Administration of Justice: Coronavirus:Written question - HL3752

Q
Asked by Lord Boateng
Asked on: 30 April 2020
Ministry of Justice
Administration of Justice: Coronavirus
Lords
To ask Her Majesty's Government what assessment they have made of the impact of COVID-19 on the administration of justice, and in particular on (1) victim services, (2) litigants in person, and (3) defendants.
A
Answered by: Lord Keen of Elie
Answered on: 14 May 2020

HM Courts & Tribunals Service is working hard to keep our justice system functioning during this unprecedented public health emergency. Our priorities are to maintain access to justice and to protect the safety of all who work in the courts and tribunals.

We are continuously reviewing our approach in light of PHE advice and to understand impacts on our all our users, particularly those who are vulnerable.

(1) Victim services

We are committed to ensuring victims continue to receive the support they need during this challenging time, and have robust and flexible plans in place to ensure that we can continue to deliver key services across the justice system, including the support of victims.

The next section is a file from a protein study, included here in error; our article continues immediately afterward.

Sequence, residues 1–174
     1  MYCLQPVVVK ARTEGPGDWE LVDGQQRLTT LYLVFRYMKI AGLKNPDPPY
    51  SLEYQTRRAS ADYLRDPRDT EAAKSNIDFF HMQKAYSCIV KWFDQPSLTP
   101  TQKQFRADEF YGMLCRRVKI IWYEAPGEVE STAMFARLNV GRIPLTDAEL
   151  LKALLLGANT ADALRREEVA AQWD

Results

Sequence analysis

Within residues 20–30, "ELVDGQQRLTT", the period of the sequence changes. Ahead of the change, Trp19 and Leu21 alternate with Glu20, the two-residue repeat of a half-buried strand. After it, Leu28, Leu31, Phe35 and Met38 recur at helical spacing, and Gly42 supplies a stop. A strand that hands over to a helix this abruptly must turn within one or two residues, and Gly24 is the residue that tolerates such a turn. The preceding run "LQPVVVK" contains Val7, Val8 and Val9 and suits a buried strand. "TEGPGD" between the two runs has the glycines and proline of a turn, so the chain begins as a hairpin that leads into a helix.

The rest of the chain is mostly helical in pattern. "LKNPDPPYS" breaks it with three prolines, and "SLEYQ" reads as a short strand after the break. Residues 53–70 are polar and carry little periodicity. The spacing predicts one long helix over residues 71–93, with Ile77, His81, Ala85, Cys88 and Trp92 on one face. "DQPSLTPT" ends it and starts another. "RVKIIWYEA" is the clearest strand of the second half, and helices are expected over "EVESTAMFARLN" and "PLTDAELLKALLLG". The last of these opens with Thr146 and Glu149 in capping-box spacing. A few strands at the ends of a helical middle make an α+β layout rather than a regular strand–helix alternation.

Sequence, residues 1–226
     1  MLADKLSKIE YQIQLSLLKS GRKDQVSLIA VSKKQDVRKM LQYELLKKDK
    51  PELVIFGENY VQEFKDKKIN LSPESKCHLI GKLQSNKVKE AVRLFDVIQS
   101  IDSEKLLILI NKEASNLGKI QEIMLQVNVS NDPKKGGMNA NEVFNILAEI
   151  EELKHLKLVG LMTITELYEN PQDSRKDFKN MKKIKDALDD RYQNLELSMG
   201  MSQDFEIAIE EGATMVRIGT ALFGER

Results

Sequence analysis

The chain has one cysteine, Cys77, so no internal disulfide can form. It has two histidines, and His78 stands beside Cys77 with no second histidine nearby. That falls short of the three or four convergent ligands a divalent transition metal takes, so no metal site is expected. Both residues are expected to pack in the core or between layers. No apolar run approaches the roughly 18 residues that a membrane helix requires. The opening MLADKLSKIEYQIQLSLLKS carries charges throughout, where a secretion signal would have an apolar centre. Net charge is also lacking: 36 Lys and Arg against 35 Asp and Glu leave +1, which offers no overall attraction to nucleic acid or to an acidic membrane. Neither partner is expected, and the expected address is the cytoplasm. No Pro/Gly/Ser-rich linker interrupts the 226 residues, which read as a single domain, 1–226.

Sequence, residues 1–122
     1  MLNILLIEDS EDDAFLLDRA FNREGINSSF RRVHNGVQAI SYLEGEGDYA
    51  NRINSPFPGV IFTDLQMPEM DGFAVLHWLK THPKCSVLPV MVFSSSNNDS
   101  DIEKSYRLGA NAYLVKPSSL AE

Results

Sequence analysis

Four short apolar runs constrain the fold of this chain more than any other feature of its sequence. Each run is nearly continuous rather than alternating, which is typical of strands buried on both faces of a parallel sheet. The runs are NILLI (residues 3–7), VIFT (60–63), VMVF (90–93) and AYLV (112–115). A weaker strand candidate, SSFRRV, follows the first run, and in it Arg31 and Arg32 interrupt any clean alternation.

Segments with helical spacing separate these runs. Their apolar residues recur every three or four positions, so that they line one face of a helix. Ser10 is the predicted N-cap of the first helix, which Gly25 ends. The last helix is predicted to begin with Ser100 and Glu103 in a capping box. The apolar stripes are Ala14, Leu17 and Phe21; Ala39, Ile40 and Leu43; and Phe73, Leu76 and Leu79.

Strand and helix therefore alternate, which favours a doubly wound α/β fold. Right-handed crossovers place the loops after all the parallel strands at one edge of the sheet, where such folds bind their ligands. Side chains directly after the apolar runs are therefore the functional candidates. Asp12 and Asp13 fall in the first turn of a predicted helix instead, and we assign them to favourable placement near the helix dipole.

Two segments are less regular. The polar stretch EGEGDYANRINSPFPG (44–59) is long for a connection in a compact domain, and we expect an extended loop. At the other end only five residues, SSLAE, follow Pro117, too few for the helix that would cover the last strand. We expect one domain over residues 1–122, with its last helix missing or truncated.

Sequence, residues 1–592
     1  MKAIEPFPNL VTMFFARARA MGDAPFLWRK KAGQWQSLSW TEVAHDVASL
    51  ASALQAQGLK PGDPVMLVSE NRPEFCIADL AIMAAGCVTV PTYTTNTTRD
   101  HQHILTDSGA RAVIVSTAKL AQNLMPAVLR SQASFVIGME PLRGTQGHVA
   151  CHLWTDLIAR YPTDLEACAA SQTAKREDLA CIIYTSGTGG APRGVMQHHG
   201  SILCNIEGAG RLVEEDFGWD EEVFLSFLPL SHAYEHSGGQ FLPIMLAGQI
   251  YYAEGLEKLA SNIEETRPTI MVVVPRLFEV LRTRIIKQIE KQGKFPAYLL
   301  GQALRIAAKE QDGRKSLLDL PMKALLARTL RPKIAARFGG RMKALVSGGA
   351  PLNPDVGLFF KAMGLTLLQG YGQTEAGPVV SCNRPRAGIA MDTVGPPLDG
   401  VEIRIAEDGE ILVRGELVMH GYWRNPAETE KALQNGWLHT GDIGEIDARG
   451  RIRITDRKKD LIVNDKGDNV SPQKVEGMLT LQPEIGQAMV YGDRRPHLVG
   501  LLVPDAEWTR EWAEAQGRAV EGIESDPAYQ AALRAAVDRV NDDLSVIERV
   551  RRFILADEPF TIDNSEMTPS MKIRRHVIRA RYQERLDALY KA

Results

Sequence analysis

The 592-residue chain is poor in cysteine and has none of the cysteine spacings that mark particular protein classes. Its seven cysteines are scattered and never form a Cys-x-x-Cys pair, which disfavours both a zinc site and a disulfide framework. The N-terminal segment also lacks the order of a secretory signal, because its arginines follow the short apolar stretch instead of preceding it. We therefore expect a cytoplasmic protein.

We have been working across government and with justice partner agencies to ensure that there will be comprehensive support for victims and witnesses across England and Wales.

(2) Litigants in person

The recently agreed Legal Support for Litigants in Person Grant will invest £3.1m over two years to enhance support for litigants in person. We are working closely with delivery partners in the advice sector to ensure the department’s grant funding to litigants in person support services remains responsive to the needs of those self-representing in the justice system, including the impacts of COVID-19. This new funding is in addition to the approximately £8m invested through the Litigants in Person Support Strategy (LIPSS) since 2014/15.

(3) Defendants

We are working very closely with the judiciary to prioritise caseload and case types, and continually reviewing procedures to support access to justice during the emergency period, particularly for the most time-critical and sensitive cases. In the Crown and magistrates’ courts, bail applications and cases where the defendant is in custody awaiting sentence have been prioritised.

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